Do People Leave Companies or Bosses?

It’s only when we dig a little deeper, perhaps at the exit interview, that we discover that the key employee who is leaving you, still loves the company and their colleagues, enjoys the work and is sorry to be leaving. They’re leaving because they could no longer take the manner in which they were being managed.

This is not an uncommon scenario. According to DDI  57% of employees quit because of their boss — and 37% reported that they’ve considered leaving because of their manager.

Experienced managers sometimes find it increasingly difficult to understand why their tried & tested traditional management methods are no longer effective. Developing an awareness that your management style can be a help or a hindrance to your crew is your first introspection step.

How is your management style affecting individual confidence and ultimately employee performance?

Our personal backgrounds & experience have an impact on how we function as managers. For instance our reference point is often our own previous boss. Managers entering a new environment without specific management training will simply do what they’ve previously learned. Your customary style could soon hamper your relationship with your new team members creating unwanted tension & communication barriers. Team members each have specific skills and responsibilities. Since their personality traits and styles are also individualistic, the new workplace demands that each one is managed differently.  The new manager also discovers that accessibility is critical to team performance. So time spent communicating with team members becomes part of every work day rather than managing from behind a desk.

According to an Accelerating Excellence Newsletter by Cornerstone Services, an estimated 40% of all managers “fail” within the first 18 months on the job. This means they will be demoted, terminated or resign. The remaining 60% may be successful in varying degrees while many perform well below expectation. Not failing does not equal success. Failure has a dramatic impact on self-esteem, confidence & future success. When leaders fail, business fails.

While people leave bosses, not companies, the costs are multi-edged. Replacing an employee could cost more than double their annual salary. The training and mentorship they received is lost with their immediate future productivity.

So what should you, the manager do?

  1. Ask for outside help. Understanding how you need to adapt your management style to a new culture will benefit both you and individuals in your team. You could enlist the help of a coach to break destructive habits.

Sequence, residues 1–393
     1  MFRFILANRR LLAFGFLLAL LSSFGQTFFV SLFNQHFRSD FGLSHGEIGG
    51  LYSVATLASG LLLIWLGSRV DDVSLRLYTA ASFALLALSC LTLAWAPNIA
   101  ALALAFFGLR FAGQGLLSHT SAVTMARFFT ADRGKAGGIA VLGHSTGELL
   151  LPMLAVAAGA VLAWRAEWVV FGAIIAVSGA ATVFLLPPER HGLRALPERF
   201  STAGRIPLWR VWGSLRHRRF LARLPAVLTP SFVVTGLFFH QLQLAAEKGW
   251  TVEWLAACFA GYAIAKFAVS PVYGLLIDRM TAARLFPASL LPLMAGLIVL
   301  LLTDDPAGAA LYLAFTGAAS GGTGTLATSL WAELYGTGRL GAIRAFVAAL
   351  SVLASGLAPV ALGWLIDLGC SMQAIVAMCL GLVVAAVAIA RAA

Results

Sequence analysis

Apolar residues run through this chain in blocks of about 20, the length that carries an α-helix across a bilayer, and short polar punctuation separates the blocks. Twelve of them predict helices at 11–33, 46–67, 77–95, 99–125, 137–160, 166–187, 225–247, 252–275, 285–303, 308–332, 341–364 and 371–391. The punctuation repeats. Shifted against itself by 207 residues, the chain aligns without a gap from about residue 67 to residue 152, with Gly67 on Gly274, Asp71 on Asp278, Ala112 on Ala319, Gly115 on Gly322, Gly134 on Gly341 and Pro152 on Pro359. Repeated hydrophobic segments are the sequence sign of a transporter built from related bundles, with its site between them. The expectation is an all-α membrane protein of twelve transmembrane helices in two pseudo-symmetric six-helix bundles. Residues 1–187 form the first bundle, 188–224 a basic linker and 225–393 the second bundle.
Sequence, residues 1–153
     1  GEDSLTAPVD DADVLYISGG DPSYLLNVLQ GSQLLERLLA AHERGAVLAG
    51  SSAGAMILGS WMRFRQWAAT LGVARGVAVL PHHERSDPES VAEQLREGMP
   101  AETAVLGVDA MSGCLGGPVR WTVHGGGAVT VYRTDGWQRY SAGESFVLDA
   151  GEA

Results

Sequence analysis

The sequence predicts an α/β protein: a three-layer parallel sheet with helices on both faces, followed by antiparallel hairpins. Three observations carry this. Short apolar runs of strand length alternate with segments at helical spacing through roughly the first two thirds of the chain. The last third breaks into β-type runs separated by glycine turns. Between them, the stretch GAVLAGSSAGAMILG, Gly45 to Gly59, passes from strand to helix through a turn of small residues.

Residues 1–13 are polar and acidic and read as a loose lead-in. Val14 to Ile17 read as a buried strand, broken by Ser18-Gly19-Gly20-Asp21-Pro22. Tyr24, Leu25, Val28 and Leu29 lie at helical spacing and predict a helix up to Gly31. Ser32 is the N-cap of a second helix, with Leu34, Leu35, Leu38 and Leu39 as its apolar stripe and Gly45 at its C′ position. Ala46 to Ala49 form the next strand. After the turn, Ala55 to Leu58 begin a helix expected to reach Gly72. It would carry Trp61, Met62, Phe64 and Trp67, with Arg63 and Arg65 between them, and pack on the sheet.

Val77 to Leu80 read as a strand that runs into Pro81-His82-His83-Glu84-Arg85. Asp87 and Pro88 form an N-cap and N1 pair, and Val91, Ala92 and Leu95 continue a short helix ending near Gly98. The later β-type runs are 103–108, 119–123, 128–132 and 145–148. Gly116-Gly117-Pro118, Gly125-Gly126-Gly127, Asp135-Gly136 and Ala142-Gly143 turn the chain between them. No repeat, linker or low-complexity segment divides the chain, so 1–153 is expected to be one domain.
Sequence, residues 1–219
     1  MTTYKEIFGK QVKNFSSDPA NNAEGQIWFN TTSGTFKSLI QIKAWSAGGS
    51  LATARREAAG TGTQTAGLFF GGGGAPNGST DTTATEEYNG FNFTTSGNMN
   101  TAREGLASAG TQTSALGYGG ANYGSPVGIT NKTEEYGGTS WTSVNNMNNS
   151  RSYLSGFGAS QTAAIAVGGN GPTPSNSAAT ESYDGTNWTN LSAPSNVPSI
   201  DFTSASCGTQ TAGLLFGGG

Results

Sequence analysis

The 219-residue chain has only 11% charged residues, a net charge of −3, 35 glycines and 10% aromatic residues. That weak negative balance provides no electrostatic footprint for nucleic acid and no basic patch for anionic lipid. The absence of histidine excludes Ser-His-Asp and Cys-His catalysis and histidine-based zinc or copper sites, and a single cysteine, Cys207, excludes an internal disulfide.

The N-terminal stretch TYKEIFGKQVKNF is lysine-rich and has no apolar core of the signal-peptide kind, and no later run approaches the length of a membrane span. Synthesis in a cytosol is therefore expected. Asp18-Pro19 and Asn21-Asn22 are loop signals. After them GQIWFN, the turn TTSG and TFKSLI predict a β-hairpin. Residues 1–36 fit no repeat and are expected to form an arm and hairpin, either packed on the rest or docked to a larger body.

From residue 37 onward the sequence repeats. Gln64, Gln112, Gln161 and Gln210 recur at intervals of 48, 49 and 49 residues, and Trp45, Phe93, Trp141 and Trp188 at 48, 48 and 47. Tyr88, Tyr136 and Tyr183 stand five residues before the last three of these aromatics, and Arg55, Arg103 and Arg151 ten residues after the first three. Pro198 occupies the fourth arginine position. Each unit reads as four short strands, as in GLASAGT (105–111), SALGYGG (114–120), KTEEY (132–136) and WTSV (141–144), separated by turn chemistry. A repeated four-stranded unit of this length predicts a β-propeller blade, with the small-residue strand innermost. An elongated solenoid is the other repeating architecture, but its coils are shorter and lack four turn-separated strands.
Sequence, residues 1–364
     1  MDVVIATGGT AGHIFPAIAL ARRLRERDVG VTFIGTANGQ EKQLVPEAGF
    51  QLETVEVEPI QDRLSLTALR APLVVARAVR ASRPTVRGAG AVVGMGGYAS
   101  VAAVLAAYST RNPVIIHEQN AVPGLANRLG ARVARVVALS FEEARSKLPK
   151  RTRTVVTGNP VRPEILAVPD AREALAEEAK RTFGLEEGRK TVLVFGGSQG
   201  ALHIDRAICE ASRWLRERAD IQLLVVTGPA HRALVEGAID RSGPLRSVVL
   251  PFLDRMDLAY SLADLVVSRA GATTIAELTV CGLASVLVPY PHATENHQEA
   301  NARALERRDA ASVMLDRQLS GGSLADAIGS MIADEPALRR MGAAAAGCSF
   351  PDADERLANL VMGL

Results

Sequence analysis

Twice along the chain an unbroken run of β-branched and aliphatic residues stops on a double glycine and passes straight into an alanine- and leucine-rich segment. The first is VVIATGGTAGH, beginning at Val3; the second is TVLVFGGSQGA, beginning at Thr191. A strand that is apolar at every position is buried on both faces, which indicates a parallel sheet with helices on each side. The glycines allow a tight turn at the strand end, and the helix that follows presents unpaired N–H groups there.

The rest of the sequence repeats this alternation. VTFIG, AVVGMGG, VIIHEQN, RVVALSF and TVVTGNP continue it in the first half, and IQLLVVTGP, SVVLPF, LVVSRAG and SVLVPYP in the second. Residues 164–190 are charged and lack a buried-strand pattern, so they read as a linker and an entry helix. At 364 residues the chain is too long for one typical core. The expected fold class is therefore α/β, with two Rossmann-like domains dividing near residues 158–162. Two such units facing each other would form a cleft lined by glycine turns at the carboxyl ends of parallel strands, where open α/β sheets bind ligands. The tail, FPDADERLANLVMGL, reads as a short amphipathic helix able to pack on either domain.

2. Ask your team for feedback. Prepare for a humbling but essential experience in turning the work environment & culture around. Invite feedback & expect comments like: this is an unhealthy work environment because of ineffective communication, lack of recognition and / or micromanagement.
  3. All small improvements are steps towards significant personal growth & a more effective leadership approach. Do it in bite-sized chunks. Be consistent. Seeing it through is essential if you want to retain key employees.

By adjusting your management style you can expects these benefits:

  • Your crew will be more involved & engaged.
  • Their self management grows as they become more trusting of you.
  • You are more likely to retain your key people for longer.
  • Productivity is sure to improve (your boss will be happier too!)
  • Deserving parties (you included) are recognised and opportunities created for promotion.
  • The organisation saves significantly on recruitment fees.
  • Experience and intellectual wealth is retained.

Adapting a well grooved management style is not plain sailing and there are bound to be obstacles and frustrations along the way. But for the sake of everyone in the team it’s worth doing. As you improve as a manager, you create the opportunity for your team members to grow, thrive and be increasingly more productive. Being prepared to learn from them will enhance trust ensuring that you keep more of the people you value the most.

Trudi du Toit.


Our interactive workshop Empowering Managers equips managers to:

  • identify destructive patterns of behaviour
  • develop a strategy to enlist the willing cooperation of their team
  • create a high performance culture to take their team / organisation into the future & post some impressive results.

You’ll be amazed by what your profile will reveal. Come prepared for self-analysis & understand how your :

  • personality style
  • communication style
  • management style
  • conflict resolution style

impacts the people around you. Learn how to break old patterns, implement new strategies, achieve tangible business results & grow your leadership skills.

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